Crimes of the Father (Large Print / Library Binding)
Prolific Australian writer and Booker Award winner ( Schindler's List), Keneally in this novel tackles head on the issue of child sexual abuse within the Roman Catholic priesthood. His protagonist is Frank Docherty, a Catholic priest who was banished from the Sydney diocese in the 1970s for pushing his liberal social justice agenda too far for the established Church. He now lives in Canada where he is a psychology professor and priest. In 1996, on a trip home to visit his aging mother, Docherty steps right into the middle of a brewing controversy over an ongoing court case and potential new charges of past abuses by priests. The Church had previously endeavored to handle such cases internally, hoping to reach settlements with victims that would be face saving for the Church and would avoid civil litigation. But the scandalous behavior of child-abusing priests has, by the mid-1990s, been forced into civil courts. Although Docherty has come to Sydney to ask for reinstatement into the Sydney diocese, from the moment he steps into a cab at the airport and discovers that the driver is a former victim to his visit with old friends whose victimized son had recently committed suicide, he is compelled, as a psychologist, to encourage the victims to seek redress in both the Church and the court system. The novel reaches back to the 1970s to describe the principal characters' pasts and to fill in Docherty's own past relationships. Although this novel is not an anti-Catholic polemic, Keneally, a Catholic himself, does not hesitate to condemn those within the institution of the Church who seek to cover up the abuse with something less than Christian charity. Though his characters are well-written, I get the sense that they serve primarily as vehicles for Keneally's criticism of the Church hierarchy's approach to handling such cases. Recommended.— Alice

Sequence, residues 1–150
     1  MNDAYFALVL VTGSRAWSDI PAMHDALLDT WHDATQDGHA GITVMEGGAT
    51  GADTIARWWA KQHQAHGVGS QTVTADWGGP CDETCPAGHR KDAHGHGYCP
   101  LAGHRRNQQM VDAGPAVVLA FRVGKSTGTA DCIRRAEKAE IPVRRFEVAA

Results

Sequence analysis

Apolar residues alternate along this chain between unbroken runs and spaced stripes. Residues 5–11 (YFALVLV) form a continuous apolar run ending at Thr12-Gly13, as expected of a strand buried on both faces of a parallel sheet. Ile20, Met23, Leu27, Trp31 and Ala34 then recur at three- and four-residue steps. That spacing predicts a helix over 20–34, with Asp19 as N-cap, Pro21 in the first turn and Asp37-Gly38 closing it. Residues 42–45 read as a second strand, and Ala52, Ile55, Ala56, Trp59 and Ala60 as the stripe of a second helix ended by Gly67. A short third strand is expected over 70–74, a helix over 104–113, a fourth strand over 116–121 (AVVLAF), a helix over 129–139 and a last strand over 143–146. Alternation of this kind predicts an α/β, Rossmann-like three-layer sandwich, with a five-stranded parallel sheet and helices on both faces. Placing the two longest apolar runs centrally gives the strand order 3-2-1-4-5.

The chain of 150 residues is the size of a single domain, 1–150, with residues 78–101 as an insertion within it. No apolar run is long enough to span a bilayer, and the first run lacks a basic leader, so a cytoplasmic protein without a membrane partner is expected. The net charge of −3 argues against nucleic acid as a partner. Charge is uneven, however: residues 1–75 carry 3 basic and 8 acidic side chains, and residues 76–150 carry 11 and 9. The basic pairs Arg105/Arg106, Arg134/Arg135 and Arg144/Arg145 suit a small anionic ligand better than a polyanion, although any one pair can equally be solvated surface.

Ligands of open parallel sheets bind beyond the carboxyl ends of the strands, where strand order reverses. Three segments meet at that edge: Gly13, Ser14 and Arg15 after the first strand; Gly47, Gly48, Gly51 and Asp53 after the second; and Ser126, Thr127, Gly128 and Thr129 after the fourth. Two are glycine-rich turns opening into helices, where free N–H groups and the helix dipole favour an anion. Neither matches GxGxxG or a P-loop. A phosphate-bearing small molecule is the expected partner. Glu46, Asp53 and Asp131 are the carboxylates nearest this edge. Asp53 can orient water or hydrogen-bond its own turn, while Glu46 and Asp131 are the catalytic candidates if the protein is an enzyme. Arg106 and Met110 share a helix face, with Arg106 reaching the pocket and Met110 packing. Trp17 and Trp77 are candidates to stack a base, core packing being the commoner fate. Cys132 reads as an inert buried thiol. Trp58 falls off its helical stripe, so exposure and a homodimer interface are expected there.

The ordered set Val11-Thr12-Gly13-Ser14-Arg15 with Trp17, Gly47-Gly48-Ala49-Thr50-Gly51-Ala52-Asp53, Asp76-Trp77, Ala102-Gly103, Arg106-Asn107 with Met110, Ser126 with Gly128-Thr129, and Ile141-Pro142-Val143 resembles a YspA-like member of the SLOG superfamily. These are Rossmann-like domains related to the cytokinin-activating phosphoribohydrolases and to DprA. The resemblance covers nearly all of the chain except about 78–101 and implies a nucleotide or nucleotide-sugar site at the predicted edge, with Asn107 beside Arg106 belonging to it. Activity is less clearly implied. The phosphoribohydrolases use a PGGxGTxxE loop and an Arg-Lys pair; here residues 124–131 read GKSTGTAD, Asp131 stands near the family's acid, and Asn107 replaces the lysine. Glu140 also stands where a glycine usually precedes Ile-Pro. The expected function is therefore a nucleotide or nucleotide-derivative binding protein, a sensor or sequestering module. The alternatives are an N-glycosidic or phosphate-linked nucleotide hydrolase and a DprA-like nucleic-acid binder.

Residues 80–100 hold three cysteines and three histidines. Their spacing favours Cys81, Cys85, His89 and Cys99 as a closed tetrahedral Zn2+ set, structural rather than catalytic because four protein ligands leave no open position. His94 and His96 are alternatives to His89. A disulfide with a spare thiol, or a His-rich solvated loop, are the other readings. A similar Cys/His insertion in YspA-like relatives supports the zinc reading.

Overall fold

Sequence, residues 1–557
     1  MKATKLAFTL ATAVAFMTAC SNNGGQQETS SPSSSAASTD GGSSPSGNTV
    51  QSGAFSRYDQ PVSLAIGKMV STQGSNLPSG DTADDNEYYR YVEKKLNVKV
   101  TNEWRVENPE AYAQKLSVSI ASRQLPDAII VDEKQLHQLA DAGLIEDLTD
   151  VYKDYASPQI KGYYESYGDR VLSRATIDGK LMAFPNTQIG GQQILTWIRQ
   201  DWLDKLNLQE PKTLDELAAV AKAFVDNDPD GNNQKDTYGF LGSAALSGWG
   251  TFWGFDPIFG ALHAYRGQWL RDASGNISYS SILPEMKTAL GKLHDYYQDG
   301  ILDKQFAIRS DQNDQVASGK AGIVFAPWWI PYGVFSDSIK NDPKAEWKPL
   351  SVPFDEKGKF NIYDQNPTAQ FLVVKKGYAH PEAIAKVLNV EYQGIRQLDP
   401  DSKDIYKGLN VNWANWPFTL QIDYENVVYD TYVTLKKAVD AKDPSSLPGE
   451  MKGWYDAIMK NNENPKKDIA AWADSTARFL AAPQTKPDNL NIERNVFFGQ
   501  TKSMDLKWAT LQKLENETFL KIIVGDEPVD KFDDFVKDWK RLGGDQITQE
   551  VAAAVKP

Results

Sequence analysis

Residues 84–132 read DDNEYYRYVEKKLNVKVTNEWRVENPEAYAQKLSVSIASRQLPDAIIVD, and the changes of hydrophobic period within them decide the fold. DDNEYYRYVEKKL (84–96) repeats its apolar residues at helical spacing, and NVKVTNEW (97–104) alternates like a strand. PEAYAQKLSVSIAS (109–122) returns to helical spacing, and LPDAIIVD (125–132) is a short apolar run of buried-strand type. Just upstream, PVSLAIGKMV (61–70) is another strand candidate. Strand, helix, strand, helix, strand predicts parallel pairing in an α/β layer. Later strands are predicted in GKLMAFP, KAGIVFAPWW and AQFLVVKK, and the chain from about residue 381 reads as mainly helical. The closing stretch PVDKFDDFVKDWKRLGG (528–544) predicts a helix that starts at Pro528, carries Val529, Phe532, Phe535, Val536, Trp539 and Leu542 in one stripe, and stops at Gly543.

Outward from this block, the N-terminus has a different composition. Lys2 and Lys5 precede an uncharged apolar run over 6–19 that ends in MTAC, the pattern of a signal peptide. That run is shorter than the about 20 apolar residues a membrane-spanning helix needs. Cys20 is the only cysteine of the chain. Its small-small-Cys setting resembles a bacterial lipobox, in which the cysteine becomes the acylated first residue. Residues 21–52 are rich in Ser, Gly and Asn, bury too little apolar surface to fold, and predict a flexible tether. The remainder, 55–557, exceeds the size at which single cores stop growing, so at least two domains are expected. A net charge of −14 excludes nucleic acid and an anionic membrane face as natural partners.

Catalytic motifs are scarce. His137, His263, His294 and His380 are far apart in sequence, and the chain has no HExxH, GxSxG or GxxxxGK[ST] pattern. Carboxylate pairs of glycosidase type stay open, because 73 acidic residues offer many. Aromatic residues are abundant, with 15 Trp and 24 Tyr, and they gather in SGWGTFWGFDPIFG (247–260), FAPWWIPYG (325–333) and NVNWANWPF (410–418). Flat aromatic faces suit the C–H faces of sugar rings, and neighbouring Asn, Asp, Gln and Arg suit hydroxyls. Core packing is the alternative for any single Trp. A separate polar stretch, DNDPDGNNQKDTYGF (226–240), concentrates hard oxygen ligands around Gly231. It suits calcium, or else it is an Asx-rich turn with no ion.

From one of our greatest living writers, a bold and timely novel about sin cloaked in sacrament, shame that enforces silence, and the courage of one priest who dares to speak truth to power. Sent away from his native Australia to Canada due to his radical preaching against the Vietnam War, apartheid, and other hot button issues, Father Frank Docherty made for himself a satisfying career as a psychologist and monk. When he returns to Australia to lecture on the future of celibacy and the Catholic Church, he is unwittingly pulled into the lives of two people--a young man, via his suicide note, and an ex-nun--both of whom claim to have been sexually abused by a prominent monsignor. As a member of the commission investigating sex abuse within the Church, and as a man of character and conscience, Docherty decides he must confront each party involved and try to bring the matter to the attention of both the Church and the secular authorities. What follows will shake him to the core and call into question many of his own choices. This riveting, profoundly thoughtful novel is "the work of a richly experienced and compassionate writer with] an understanding of a deeply wounded culture" (Sydney Morning Herald). It is an exploration of what it is to be a person of faith in the modern world, and of the courage it takes to face the truth about an institution you love.